So for Harper Lee fans, today is D-Day: Go Set a Watchman has been released and I personally just checked in roughly a dozen copies here at my library and sent them on their merry way to customers.
But what about Maureen Corrigan's NPR review of Watchman? Is it just me, or is she suggesting that Scout is a lesbian, without actually saying as much, and that Harper Lee, who has never married, didn't have the language or the "social imagination" to describe that experience? And if you aren't savvy to what exactly Fun Home is and who it is by, that reference may sweep right past you.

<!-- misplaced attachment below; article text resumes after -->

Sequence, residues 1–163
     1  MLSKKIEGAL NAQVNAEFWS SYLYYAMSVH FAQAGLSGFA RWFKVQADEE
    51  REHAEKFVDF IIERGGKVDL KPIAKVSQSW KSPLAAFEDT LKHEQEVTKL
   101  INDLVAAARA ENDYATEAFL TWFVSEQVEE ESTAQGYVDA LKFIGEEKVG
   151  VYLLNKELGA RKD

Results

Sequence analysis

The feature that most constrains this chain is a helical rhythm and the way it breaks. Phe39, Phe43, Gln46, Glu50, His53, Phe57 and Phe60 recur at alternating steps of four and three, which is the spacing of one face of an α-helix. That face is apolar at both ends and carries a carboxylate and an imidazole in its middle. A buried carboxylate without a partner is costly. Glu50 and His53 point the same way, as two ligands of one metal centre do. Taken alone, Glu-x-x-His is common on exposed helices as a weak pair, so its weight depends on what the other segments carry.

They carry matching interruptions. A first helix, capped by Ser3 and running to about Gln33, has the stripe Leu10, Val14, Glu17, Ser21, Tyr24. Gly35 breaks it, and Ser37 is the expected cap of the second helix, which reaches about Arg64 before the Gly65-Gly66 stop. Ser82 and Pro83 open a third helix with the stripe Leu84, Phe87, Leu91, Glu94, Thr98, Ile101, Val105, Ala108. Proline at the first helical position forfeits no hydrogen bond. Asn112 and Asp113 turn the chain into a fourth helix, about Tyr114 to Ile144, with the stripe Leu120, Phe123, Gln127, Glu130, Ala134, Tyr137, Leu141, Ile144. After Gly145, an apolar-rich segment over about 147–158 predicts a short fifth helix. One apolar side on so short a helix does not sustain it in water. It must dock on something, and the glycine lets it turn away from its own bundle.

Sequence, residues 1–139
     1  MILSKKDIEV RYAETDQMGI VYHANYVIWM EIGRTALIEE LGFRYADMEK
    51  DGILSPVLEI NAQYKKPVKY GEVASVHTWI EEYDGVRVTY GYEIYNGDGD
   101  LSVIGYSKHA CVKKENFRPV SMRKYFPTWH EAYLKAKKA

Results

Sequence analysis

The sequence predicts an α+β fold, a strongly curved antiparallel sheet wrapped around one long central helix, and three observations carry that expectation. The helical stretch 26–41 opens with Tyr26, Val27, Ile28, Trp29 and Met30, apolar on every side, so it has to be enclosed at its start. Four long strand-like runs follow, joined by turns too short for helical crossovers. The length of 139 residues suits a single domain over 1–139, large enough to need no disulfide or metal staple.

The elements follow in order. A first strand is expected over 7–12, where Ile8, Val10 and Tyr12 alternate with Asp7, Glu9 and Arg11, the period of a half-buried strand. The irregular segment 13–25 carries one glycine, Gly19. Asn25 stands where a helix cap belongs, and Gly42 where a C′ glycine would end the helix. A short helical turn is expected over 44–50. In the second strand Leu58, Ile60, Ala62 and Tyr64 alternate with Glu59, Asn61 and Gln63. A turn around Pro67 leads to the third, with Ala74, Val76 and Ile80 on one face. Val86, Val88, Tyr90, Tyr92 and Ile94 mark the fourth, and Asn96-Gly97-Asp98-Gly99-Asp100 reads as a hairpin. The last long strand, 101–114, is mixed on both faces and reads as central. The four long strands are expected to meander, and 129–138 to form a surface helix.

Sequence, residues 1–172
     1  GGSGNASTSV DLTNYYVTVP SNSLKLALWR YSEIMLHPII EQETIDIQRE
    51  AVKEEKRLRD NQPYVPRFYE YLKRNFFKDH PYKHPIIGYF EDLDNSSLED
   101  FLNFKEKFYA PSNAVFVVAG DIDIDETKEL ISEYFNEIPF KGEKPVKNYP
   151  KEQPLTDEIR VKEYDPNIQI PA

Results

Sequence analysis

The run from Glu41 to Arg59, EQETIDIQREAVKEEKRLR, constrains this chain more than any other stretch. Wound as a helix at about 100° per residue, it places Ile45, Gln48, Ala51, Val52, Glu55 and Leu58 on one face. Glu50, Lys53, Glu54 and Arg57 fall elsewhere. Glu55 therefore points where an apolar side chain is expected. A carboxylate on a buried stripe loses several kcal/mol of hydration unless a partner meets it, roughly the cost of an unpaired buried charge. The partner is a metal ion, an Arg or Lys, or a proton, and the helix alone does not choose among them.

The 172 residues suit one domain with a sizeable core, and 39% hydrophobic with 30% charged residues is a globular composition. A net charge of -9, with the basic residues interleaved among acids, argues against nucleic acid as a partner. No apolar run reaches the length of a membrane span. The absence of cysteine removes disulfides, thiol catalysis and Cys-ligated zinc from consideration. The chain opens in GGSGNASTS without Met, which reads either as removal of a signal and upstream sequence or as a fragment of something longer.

And given that we've had the language of the gay experience (or at least the homosexual experience) for a good 100 years before the writing of Watchman (the 1950s), even if in veiled terms reminiscent of what Ms. Corrigan is doing herself now in the 21st century, and that in To Kill a Mockingbird, Lee shows herself to have quite a bit of "social imagination," why Corrigan's namby pamby, tiptoeing around the issue now?
I mean didn't gay marriage just become the law of the land? Is she worried that she might turn someone off from the book by *gasp* saying that Scout could potentially be a dyke? Is that somehow worse that Atticus joining the Klan?
Read the review at NPR